Normally I would’ve done much more research on my own to prepare for navigating a new city on my own, but there were so many variables at play this time—I wasn’t sure I could even get the yellow fever vaccine which would make me more comfortable about leaving the airport; it was a stopover of only a few hours anyway; I didn’t know in what hotel or area of the city the airline would place me, etc—that I admittedly hadn’t done enough homework. Addis is a place where you really need to do your homework and brace yourself, especially if you are traveling alone, foreign, not Black, or female. I was all four. Continue reading
I realized that the last post’s title is a little misleading; it is not really so much a “guide” as it offers no practical advice. I suppose it is a guide in the sense that, if you enter into a situation with Ethiopian Air knowing those 5 things, you are possibly less likely to pop a blood vessel over the experience.
So to make sure I include it this time, here’s my one piece of practical advice when Ethiopian Air loses your luggage in Tanzania: Have someone who speaks Swahili call and deal with it for you.
I’d heard mixed things about Ethiopian Airlines before this trip, and now that I have flown with them, my overall assessment is that the food is pretty good and the on-plane service is fine, but basically everything else about this company is kind of a mess. The fact that, according to their in-flight magazine, they keep winning all these awards for African businesses says more about the state of other African businesses than it does about the quality of Ethiopian Air. Then again, Turkish Airlines, which has violently screwed over multiple colleagues of mine, also recently won the title of “Europe’s Best Airline” at the World Airline Awards (who knew such a thing existed), topping Swiss Air and Lufthansa, so obviously things like customer experience do not really factor into these decisions.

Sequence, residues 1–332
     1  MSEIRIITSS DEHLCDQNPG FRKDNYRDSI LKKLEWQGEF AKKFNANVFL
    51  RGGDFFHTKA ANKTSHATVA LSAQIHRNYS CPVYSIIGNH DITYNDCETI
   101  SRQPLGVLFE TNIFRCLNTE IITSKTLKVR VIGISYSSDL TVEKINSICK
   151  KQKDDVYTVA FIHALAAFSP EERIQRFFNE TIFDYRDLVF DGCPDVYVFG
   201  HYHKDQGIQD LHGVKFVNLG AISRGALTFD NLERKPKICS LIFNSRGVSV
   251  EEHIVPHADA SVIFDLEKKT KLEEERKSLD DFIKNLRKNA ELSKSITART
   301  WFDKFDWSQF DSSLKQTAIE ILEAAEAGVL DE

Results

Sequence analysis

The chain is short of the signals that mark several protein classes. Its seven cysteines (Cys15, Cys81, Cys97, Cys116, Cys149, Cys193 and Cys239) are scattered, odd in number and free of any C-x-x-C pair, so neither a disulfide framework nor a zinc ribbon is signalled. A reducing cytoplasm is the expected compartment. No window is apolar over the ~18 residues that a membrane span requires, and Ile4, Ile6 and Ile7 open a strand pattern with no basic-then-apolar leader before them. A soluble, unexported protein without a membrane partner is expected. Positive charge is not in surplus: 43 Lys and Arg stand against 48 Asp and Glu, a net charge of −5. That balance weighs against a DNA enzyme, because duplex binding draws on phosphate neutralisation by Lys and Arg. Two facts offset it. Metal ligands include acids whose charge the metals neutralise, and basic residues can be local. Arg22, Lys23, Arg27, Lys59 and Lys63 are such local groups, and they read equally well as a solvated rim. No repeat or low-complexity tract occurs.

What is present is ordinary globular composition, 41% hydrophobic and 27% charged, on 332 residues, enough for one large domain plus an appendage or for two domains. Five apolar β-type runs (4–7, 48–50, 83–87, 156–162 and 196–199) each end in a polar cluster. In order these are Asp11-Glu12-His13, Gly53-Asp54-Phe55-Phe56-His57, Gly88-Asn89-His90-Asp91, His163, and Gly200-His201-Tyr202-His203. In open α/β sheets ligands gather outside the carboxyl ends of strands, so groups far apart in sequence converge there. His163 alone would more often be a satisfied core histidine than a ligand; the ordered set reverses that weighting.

Admittedly, not all of the debacle I experienced on the way to Tanzania is attributable directly to Ethiopian Air. Some of it was just general industry dysfunction and a very different understanding of customer service. Everyone I met in the service and tourism industry in Africa was unfailingly kind and friendly, but the people who work at the airports and for the airlines clearly don’t have the same approach to their work.
In the current vein of sharing practical travel information (someday, I will actually get around to talking about my Tanzania safari), here are some things I wish I’d known about Ethiopian before flying with them:
When my ex-pat colleagues and I travel, we pride ourselves on not being the typical American tourists: the loud, ignorant, intolerant ones who need to be handled with kid gloves or else they will explode from all the Otherness going on around them, even while they feel the need to comment constantly on all the Otherness (“Oh, look, Frank, it says YOO-bahn. I wonder if that’s like the subway? But then what’s the ESS-bahn? Oh, this is so confusing”). However, I’m embarrassed to say that I’m about to embark on a trip where I may have made a stupid American mistake.